Mandakini (Hindi: मंदाकिनी [mənˈd̪aːkɪni]) is a tributary of the Alaknanda River. Mandakini originates from the Chorabari Glacier near Kedarnath in Uttarakhand, India. Mandakini is fed by Vasukiganga River at Sonprayag. Mandakini joins Alaknanda at Rudraprayag. Alaknanda then proceeds towards Devaprayag where it joins with Bhagirathi River to form the Ganges River. Mandakini river flows along NH-107 in Rudraprayag district and turns violent during monsoon, often destroying parts of highway and adjoining villages.
Meaning of 'Mandakini'
The prefix "mand" (Sanskrit) means "calm" and "unhurried", and Mandakini thus signifies "she who flows calmly".
The Mandakini is mentioned as one of the transcendental rivers in the holy religious work Srimad Bhagavatam.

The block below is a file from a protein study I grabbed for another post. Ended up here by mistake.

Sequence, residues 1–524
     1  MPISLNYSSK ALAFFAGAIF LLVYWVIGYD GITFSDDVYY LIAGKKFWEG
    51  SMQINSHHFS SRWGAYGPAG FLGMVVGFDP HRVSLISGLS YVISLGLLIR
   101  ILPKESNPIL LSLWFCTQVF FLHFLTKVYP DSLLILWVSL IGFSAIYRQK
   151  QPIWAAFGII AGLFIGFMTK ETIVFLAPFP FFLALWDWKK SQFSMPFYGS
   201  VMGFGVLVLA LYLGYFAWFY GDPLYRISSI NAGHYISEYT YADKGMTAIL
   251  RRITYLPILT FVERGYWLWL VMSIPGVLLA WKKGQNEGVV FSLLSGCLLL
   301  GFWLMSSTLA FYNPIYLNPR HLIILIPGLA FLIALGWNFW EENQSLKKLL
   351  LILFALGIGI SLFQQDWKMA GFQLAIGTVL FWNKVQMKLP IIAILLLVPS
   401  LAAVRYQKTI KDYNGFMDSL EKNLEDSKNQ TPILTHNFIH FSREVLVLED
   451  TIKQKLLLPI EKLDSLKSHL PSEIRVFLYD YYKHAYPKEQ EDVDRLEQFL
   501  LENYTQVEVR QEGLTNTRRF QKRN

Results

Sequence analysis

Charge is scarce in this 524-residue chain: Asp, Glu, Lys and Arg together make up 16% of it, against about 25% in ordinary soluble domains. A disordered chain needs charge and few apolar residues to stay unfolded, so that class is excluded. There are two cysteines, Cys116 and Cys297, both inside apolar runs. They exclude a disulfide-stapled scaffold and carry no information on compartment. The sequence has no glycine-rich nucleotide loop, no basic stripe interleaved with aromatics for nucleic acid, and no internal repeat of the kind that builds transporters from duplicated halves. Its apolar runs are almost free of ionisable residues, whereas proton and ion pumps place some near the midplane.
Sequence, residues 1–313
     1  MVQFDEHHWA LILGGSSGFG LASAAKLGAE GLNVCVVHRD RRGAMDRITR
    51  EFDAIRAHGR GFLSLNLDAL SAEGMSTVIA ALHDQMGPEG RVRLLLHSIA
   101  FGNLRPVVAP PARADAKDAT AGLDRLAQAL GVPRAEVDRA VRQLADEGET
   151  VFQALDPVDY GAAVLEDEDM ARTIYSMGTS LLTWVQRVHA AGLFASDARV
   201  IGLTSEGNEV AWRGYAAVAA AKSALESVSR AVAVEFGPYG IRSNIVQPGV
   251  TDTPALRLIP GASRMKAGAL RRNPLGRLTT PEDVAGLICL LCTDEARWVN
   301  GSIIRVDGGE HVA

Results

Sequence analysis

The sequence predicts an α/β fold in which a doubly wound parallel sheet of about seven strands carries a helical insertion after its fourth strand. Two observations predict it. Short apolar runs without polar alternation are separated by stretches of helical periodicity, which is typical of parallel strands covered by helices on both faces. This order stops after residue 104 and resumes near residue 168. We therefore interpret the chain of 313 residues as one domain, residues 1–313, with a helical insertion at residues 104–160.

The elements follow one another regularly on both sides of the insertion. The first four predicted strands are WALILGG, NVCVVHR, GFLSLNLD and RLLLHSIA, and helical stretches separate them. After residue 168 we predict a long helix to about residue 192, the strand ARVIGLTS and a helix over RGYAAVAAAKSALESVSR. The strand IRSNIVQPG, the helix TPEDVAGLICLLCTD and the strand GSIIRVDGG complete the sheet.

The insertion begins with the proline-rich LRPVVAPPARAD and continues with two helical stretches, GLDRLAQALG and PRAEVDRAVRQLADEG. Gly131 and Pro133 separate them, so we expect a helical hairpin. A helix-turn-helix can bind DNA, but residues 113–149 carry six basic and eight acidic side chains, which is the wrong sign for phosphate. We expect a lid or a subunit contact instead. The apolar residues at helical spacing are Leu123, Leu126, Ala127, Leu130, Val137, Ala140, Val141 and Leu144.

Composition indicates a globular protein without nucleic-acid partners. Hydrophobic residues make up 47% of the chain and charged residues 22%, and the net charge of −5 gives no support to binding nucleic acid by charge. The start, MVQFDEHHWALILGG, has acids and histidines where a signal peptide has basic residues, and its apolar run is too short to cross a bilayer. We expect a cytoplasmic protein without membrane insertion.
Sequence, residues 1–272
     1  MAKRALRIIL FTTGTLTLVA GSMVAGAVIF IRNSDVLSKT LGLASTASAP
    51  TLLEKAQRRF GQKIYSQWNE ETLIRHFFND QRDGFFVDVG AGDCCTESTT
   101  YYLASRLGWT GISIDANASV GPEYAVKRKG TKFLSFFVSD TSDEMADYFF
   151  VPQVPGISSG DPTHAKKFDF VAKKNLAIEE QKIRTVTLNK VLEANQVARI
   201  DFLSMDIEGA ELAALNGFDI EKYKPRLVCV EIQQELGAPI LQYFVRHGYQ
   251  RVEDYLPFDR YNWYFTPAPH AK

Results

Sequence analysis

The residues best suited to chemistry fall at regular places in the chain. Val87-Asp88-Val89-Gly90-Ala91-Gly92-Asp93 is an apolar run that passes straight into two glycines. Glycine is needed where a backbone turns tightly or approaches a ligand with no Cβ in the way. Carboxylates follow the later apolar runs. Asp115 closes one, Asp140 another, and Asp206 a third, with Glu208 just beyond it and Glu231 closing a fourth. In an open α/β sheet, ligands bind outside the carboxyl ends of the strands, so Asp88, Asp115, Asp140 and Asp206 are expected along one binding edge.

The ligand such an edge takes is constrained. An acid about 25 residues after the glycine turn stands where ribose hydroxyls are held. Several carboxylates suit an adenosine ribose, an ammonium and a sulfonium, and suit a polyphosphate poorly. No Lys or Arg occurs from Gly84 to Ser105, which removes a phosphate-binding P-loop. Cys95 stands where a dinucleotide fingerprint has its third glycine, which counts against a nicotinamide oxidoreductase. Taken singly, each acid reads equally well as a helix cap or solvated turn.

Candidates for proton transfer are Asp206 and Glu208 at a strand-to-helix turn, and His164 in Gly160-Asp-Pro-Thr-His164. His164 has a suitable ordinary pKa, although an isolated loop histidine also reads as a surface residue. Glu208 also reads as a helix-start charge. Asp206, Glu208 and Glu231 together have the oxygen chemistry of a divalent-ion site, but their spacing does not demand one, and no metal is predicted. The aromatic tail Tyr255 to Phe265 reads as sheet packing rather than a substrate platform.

John Leyden's 1810 Malay Annals mention that, Parameswara, the founder of the Sultanate of Malacca, carried a sword named Chora Sa Mandakini (Cura Si Manjakini) as part of his royal regalia. The sword is now a part of the Sultan of Perak's official regalia. The sword is believed to be of Indian origin and between 800 to 1,000 years old.
The Mandakini is a runnable low volume river from October to April and can be unpredictable in the Monsoon months (June–September) when all rivers in the area become swollen torrents.
The Mandakini is a kayakable river with a lot of class 3 rapids and some class 4 and class 5 rapids. The upper mandakini and the lower mandakini are considered to be class 4+ sections while there is a stretch of water in the middle part of the river that is largely class 2-class 3.
Mandakini near the town of Guptakashi
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